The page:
Said the Skirt to the Bulge Beneath It: You never felt uglier than in corduroy, the twisting fibers, the olive green, the heavyweight denial of your shape. The first time you felt it screeching below your fingers you vowed never to let it come between your knees. You sacrificed their angles to a mosaic of scabs as you learned how the blades don’t bend. Your mother offered no advice and no clean tissues. Nobody told you about the communion of static or how to find the front of a thong. You learned on your own the secret of black patent leather heels: not that they reflect up, as Sister Mary warned, but the way they can be coupled with anything. The corner boutique divides its array by color, by size, by curvature and Christian names. You are not wrong to resist this sweaty cluster of labels. The skirt is an awkward ally, blotting your envy of what is created exactly to pattern. You are not a hasty alteration. Every boy you see in the club contains a wrinkled novel, a bottomless opera, a long-expired feast. One of them loves the taste of mascara. Another will only undress beneath a sticky lightbulb. You watch them at closing, buying and selling their jars of footnotes and wishing you could hang yours on the clothesline to kick out the stool from below. But nothing calls you like a zipper or holds you like a hem. Nothing cuts you like an ironed pleat. What you would not give to be a window. You will rupture with fashion, you will linger in the slip. You will let nothing deny the intimacy of your thighs. Let their crossing be a true horizon, every lover willing to sail on, every lover trusting last of all his eyes.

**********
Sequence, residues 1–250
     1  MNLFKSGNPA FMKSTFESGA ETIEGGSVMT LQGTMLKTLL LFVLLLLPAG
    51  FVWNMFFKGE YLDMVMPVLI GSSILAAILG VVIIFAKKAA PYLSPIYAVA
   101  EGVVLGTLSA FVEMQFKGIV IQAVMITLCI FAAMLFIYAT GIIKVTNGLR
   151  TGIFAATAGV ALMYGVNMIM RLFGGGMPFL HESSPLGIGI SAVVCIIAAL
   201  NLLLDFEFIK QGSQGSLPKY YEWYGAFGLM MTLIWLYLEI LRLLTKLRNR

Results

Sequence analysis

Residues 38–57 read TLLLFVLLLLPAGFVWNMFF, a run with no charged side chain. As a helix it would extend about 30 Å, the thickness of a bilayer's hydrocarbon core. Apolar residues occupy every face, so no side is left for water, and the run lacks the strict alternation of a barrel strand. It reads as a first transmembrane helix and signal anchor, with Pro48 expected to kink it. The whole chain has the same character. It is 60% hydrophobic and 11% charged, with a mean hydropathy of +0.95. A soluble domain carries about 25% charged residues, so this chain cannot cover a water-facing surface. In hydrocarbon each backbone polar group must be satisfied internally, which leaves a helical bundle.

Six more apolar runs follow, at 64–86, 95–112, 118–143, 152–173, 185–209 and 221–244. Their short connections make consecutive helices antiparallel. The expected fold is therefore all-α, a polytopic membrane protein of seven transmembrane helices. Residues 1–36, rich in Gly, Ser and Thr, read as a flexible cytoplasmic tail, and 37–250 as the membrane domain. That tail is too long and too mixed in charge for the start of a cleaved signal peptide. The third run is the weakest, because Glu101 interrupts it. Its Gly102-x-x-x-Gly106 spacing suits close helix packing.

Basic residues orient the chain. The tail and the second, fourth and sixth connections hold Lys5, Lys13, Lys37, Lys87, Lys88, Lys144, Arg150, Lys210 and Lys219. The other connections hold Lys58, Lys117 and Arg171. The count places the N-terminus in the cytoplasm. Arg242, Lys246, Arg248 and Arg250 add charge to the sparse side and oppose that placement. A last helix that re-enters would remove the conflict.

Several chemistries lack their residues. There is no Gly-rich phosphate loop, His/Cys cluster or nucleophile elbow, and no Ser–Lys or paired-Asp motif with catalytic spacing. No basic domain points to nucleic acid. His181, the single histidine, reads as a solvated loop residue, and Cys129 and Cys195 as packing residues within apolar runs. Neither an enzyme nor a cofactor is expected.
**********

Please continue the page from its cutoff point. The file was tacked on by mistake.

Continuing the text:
AmyDavid is a poet, performer, and Ph.D student from Evanston, IL. She has competed at the National Poetry Slam three times as a member of the Chicago - Green Mill team and was an instigator of the first-ever disqualification from group piece finals. Her work has appeared most recently in WordRiot, Shit Creek Review, The November 3rd Club, APICS Magazine, and the Chicago Redeye’s 5 on 5.